Everything else is the same as the original remote script:

  • The grid launches clips.
  • The crossfader crossfades.
  • The remaining four transport buttons move the active rectangle.

Download the script here: Ohm64DJ.zip

To install:

  • Unzip the file.
  • Find and open your Live app bundle.
  • Go to Contents -> App-Resources -> MIDI Remote Scripts.
  • Drop the “Ohm64DJ” directory there.

My alternate remote script shows up as “Ohm64DJ,” so you can keep both around and switch between them as needed.  (It’s actually really annoying to open up preferences in order to switch.)

Since this script controls only four tracks, there are 24 unmapped buttons in the grid, which seems sort of silly.  But I’m sure I’ll come up with something useful for them.

Finally, huge thanks to Michael at Max4live.info and Hanz at _Framework for publishing their scripts and findings.

Echo AudioFire2 mini-review, plus bonus NI rant

I just picked one up last week.  Here’s what I like so far:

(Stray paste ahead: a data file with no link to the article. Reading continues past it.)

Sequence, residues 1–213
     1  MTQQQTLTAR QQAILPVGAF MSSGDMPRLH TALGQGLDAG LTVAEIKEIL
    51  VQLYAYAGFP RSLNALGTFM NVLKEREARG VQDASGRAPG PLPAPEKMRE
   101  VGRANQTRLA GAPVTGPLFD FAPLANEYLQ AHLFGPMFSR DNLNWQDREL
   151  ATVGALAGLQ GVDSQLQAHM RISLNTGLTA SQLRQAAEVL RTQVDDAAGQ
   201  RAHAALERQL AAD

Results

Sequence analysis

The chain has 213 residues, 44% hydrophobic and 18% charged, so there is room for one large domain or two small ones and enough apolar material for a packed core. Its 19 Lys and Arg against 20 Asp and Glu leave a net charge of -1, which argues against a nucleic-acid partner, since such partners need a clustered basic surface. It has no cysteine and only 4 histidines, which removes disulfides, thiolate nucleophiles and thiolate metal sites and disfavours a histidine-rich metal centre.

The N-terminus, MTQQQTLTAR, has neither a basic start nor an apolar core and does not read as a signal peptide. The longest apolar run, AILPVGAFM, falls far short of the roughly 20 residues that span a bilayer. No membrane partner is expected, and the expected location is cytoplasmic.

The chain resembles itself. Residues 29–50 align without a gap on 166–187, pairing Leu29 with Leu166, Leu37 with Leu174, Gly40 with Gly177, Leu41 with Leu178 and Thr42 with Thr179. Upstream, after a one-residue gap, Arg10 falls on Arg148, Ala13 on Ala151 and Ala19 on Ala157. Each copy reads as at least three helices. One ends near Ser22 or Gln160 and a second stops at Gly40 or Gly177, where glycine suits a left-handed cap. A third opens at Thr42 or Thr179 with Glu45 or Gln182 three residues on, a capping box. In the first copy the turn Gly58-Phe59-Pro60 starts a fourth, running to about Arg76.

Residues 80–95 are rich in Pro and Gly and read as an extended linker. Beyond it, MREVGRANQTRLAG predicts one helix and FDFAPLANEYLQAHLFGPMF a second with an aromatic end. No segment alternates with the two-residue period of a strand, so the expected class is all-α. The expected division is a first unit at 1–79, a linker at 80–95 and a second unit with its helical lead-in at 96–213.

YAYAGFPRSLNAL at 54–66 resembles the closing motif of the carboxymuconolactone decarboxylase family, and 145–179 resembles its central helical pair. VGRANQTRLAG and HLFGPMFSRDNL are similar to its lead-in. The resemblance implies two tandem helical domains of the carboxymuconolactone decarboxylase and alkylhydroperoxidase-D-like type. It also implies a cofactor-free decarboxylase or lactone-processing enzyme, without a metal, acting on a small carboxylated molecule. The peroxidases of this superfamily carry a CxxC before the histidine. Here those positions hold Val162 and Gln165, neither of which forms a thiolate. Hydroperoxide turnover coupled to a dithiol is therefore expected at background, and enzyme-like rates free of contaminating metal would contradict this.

• Firewire.  This leaves both USB ports free (Apple’s pretty stingy with the connectivity).  Also, I’ve heard rumors that the MacBook Pro underpowers the USB port.  Maybe I’m making this up, but I think the more stringent power requirements for Firewire encourage reliability.
  • Balanced TRS outs.  Seems mundane, but lots of portable audio interfaces in this price range have RCA outs, which boggles the mind.
  • Independent headphone out, which is crucial for performance.
  • Stable drivers— so far at least.  I haven’t had it long, but I’ve used it a lot without a glitch.  Contrast that with the nightmare that was the Audio Kontrol 1 drivers (on that more below)
  • Hopelessly sexy packaging. It’s tiny and light with a sturdy yet pretty aluminum case.

Echo AudioFire2

Left bad, right good.

Here’s what’s not so awesome:

  • 1/8″ headphone jack.  All my headphones are 1/4″.  Every 1/4″ – 1/8″ adapter I’ve ever had fell apart in weeks.  But Grado makes this nice long one; seems like that should relieve some of the strain.